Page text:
OPINION

Can the government defy history and return Eden-Monaro to 'bellwether' status?

It's been the summer and autumn from hell for very many of the voters in the NSW federal seat of Eden-Monaro, a Labor electorate on under 1 per cent that forms an envelope around the nation's capital.

Fire ravaged their beautiful bush and coastal lands and claimed homes. Just as the rebuilding started, the coronavirus stopped the tourist industry climbing back to its feet.

Travel restrictions have meant there haven't even been the usual dollars from Canberrans who own holiday houses around the seaside areas. Now the coming snow season looms as financially bleak.

Amid all the pain, Eden-Monaro's voters wouldn't welcome a fractious byelection. But they'll be understanding about what's triggered it.

Their popular local member, Mike Kelly, has had his own months of hell, with multiple operations and medical procedures due to health issues arising from his military service in several postings.

As an emotional Kelly - who has respect across the political divide - told a news conference, he's just not able any more to service a seat requiring much driving. He apologised to constituents for causing a byelection at this time.

Neither Anthony Albanese nor Scott Morrison would particularly want a test of strength right now. Byelections in marginal seats are unpredictable; a win can be gold, a loss a minor or major setback. Predictably, both leaders are trying to manage expectations down.

How much the leaders will be able to get about the electorate physically is a moot point.

Morrison has had a personal polling boost from his handling of the virus crisis, although the Coalition and Labor remain neck and neck. Apart from narrow politics, his good ratings are coinage when the government has to make hard decisions, or appeal for community patience. He doesn't want to lose any shine now.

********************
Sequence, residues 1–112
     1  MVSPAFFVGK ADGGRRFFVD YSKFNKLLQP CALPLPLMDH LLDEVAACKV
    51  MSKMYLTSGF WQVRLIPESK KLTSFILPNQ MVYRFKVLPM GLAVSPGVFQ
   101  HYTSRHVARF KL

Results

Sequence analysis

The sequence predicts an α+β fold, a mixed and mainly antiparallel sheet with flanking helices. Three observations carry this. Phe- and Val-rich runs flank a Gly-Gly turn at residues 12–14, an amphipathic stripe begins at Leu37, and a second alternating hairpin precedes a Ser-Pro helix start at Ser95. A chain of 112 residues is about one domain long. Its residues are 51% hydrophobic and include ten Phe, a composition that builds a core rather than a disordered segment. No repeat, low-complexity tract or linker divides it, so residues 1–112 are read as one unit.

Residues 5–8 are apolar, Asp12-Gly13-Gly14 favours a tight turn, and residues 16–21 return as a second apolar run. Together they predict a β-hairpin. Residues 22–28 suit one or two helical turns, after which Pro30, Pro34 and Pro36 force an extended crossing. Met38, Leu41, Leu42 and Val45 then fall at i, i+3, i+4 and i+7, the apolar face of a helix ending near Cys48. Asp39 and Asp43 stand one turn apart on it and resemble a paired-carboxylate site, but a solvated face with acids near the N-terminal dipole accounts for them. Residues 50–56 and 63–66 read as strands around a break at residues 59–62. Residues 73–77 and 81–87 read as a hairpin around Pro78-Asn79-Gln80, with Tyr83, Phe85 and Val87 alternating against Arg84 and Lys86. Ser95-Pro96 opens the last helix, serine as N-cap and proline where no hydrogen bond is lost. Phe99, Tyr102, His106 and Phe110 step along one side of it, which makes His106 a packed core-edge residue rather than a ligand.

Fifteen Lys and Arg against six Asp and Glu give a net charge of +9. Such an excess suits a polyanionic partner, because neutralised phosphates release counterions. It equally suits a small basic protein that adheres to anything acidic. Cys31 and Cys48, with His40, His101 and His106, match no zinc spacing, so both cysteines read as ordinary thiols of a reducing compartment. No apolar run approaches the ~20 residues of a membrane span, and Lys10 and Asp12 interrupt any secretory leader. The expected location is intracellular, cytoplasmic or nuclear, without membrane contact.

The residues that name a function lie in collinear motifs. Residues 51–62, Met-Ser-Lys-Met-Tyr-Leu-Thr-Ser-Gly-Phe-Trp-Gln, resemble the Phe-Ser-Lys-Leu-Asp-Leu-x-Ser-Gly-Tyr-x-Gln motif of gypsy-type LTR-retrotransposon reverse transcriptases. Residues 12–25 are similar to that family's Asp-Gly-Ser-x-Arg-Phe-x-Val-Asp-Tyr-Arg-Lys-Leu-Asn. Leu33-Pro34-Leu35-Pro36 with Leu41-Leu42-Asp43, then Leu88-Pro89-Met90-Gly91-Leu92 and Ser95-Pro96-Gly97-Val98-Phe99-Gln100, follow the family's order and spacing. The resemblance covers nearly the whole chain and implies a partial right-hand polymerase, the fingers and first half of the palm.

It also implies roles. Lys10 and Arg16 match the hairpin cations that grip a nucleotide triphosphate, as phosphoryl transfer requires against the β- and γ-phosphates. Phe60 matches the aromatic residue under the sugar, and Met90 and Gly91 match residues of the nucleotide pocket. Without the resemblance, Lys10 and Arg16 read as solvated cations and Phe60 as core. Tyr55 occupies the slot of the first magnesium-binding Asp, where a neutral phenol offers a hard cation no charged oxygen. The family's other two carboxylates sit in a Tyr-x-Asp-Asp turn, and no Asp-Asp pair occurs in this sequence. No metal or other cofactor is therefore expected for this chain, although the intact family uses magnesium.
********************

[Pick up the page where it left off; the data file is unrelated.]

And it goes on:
What if Labor holds the seat? That would suggest people aren't translating their praise for the PM's crisis management to wider endorsement of the government.

On the other hand, what if the ALP loses, when history is on its side? As everyone keeps saying, a government taking an opposition seat at a byelection last happened a century ago.

A loss would lead to soul searching in the ALP, and reinforce the doubts held by Albanese's critics.

If the Liberals or Nationals won the seat, it would take Morrison's majority from three to five (that's including the speaker, who has a casting vote).

What if the victor was not a Liberal, but NSW Deputy Premier John Barilaro, leader of the state Nationals? Barilaro (sounding a little less gung ho on Friday than on Thursday) is considering over the coming days whether to run. He's frustrated the Liberals, unsurprisingly, are insisting on contesting.

Barilaro is a firecracker, with strong views and a loud voice. His arrival in Canberra would unsettle Deputy Prime Minister Michael McCormack. Barilaro wouldn't take the gamble of seeking to switch parliaments if he didn't have a lot of ambition.

NSW Deputy Premier John Barilaro is weighing a tilt at the federal seat of Eden-Monaro. Picture: Getty Images

NSW Deputy Premier John Barilaro is weighing a tilt at the federal seat of Eden-Monaro. Picture: Getty Images